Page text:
As the crowds have grown, so has the need for clean water. Internationally, urban areas are rapidly increasing in size, population and space, and to ensure long-term access to clean water for these urban populations, cities need to prioritize management that incorporates environmental sustainability. In this study, led by Wu Yang, the authors propose ways that cities can mitigate these challenges.
Most of the population growth in the next few years is expected to occur in Asia and Africa, especially China and India. These megacities (cities with a population of more than 10 million) are known as water “hot spots”.
However, megacities are never isolated. “Urban areas increasingly interact with other areas through the flow of water, food, energy, people, information and capital,” the researchers wrote. These cities must rely on their neighbors for clean water, and as their As they grow, their influence will continue to extend beyond city boundaries.
The study’s authors argue, therefore, that the analysis of water use and management should become more interdisciplinary. Socioeconomic and environmental factors need to be a primary consideration in future management plans.
To address these questions, the team developed a framework that incorporates what they see as the necessary perspectives for water analysis in and around the city.
“Water use increases as the number of households and population size increases, and it is often non-linear. Economic development, including industry, also requires water, and changes in land use and land cover in turn alter water availability. and use. Agricultural areas surround urban areas, and some crops require irrigation water. The environment also needs water to maintain ecosystem processes and functions.”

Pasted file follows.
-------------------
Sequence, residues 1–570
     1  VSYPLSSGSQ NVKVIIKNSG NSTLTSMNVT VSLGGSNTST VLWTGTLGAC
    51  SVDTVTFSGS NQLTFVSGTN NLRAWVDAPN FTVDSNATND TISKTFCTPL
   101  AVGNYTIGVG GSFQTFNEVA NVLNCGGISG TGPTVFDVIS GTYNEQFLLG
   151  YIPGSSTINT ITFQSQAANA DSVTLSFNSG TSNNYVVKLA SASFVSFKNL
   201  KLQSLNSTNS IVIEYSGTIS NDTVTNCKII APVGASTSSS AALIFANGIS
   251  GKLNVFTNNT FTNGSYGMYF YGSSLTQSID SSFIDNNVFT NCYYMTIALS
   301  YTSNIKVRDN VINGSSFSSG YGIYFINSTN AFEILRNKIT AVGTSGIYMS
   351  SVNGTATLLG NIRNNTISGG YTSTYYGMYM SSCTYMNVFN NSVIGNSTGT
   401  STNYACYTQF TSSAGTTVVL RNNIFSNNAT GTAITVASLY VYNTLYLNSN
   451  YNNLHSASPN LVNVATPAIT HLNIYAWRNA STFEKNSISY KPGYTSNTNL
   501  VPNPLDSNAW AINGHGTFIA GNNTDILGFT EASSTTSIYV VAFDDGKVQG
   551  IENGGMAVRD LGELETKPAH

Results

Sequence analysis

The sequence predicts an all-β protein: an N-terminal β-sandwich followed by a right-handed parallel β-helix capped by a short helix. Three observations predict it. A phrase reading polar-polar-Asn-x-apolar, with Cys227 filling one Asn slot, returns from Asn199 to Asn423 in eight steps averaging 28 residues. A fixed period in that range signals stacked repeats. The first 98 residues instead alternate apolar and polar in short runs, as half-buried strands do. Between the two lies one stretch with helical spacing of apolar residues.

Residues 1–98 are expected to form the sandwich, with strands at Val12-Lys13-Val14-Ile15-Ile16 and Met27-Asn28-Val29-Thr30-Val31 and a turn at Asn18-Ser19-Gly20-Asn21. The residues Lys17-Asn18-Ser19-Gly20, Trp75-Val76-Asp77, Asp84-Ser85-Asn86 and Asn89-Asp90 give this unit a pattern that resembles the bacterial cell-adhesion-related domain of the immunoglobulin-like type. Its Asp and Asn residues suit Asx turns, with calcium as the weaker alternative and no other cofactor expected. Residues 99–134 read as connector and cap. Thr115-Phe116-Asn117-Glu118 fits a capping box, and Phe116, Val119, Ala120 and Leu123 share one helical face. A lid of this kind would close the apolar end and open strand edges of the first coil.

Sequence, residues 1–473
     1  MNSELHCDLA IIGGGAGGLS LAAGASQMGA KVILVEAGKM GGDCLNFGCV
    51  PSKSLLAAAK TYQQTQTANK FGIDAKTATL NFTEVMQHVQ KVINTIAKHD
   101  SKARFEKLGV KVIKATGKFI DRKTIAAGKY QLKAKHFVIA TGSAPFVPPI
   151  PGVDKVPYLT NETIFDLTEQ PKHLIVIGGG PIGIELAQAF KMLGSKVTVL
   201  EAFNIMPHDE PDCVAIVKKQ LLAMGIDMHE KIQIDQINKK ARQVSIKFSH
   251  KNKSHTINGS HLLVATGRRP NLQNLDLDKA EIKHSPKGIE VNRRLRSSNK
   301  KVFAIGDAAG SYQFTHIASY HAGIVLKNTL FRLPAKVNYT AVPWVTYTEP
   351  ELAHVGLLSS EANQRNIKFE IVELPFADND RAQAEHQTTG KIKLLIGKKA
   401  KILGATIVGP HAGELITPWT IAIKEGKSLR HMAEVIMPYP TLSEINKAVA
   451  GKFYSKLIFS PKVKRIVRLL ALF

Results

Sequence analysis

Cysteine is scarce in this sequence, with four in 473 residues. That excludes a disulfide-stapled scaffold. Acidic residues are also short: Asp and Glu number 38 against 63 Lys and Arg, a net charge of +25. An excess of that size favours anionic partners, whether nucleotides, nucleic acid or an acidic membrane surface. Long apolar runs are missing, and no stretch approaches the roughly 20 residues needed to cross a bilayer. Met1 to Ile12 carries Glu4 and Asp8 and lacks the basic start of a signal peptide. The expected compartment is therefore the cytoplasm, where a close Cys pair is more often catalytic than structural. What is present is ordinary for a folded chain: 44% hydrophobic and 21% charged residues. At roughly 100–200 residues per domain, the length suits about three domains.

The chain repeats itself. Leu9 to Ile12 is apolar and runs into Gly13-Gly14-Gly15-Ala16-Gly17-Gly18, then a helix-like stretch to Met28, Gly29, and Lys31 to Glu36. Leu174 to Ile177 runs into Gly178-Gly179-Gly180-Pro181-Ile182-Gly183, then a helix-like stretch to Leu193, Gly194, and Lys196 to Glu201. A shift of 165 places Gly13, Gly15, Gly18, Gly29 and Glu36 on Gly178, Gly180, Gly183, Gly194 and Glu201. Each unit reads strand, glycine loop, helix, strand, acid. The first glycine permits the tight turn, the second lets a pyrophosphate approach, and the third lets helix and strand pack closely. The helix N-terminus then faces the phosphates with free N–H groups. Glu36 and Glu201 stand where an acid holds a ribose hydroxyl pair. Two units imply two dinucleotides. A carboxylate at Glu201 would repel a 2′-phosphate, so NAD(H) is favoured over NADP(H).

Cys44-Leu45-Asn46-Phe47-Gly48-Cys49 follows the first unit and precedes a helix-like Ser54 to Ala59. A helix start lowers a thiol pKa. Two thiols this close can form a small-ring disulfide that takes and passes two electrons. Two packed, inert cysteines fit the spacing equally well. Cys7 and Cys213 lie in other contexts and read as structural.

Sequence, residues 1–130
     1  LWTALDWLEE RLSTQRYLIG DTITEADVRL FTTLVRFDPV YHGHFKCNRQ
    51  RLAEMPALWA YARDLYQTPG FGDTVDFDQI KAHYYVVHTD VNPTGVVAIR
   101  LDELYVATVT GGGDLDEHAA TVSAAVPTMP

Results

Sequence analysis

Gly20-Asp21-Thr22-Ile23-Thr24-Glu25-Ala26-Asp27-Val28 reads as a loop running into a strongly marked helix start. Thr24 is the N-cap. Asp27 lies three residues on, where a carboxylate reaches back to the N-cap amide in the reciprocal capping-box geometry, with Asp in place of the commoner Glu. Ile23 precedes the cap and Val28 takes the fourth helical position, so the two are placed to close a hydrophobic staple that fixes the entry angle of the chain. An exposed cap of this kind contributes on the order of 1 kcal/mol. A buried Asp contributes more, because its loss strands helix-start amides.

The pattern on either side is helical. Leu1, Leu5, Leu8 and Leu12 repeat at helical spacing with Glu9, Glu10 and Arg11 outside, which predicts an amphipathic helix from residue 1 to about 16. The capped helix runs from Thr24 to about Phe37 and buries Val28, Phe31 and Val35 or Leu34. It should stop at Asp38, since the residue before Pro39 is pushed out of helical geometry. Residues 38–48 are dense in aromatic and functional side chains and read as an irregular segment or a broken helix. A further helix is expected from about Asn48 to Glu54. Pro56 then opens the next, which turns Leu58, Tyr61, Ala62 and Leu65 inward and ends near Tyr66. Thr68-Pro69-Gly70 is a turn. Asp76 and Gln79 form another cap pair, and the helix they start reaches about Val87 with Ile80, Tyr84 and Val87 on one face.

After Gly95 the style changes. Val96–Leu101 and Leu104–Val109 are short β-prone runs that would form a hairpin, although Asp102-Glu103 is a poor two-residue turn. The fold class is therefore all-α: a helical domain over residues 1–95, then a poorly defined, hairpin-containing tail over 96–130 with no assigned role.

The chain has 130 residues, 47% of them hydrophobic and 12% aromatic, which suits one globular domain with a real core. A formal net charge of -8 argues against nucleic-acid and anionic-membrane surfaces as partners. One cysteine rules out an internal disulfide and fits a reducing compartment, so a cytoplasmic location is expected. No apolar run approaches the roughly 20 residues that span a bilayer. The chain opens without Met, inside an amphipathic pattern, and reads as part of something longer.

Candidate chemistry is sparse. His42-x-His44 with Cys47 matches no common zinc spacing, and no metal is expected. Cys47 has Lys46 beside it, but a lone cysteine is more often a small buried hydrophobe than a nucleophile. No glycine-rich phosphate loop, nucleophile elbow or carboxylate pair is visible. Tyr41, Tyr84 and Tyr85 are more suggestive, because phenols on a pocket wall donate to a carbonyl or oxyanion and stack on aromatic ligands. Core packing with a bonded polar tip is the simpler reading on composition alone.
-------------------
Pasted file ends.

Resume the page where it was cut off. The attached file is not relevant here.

Their telecoupling model, which describes “socioeconomic and environmental interactions between distantly coupled human and natural systems,” encompasses all of these fields.
Using Beijing as an example, they highlighted how the city’s need for water has depleted resources beyond its borders, with many nearby rivers barely flowing. From a socioeconomic perspective, people are forced to leave their homes in the peri-urban areas as demand for water skyrockets and water delivery infrastructure is built.
But significant action has been taken and improvements have been made. The construction of infrastructure will create more jobs for people outside the cities, and the authors call Beijing a “pioneer” in setting strict guidelines to reduce water use.
More needs to be done to ensure water sustainability in cities like Beijing and Los Angeles that depend on distant water sources. This model can articulate challenges, but policies are needed to implement them. The authors conclude, “Water demand management must also recognize the social and equity aspects of water pricing and policy.”
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